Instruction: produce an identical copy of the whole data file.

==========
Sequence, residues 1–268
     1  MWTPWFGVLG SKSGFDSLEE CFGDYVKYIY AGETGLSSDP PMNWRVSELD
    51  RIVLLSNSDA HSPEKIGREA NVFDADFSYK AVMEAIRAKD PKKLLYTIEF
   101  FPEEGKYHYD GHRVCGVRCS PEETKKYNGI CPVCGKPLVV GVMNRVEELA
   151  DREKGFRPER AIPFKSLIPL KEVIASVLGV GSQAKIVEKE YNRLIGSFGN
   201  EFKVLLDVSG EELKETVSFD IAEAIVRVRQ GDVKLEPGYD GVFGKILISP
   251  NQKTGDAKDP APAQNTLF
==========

Sequence, residues 1–268
     1  MWTPWFGVLG SKSGFDSLEE CFGDYVKYIY AGETGLSSDP PMNWRVSELD
    51  RIVLLSNSDA HSPEKIGREA NVFDADFSYK AVMEAIRAKD PKKLLYTIEF
   101  FPEEGKYHYD GHRVCGVRCS PEETKKYNGI CPVCGKPLVV GVMNRVEELA
   151  DREKGFRPER AIPFKSLIPL KEVIASVLGV GSQAKIVEKE YNRLIGSFGN
   201  EFKVLLDVSG EELKETVSFD IAEAIVRVRQ GDVKLEPGYD GVFGKILISP
   251  NQKTGDAKDP APAQNTLF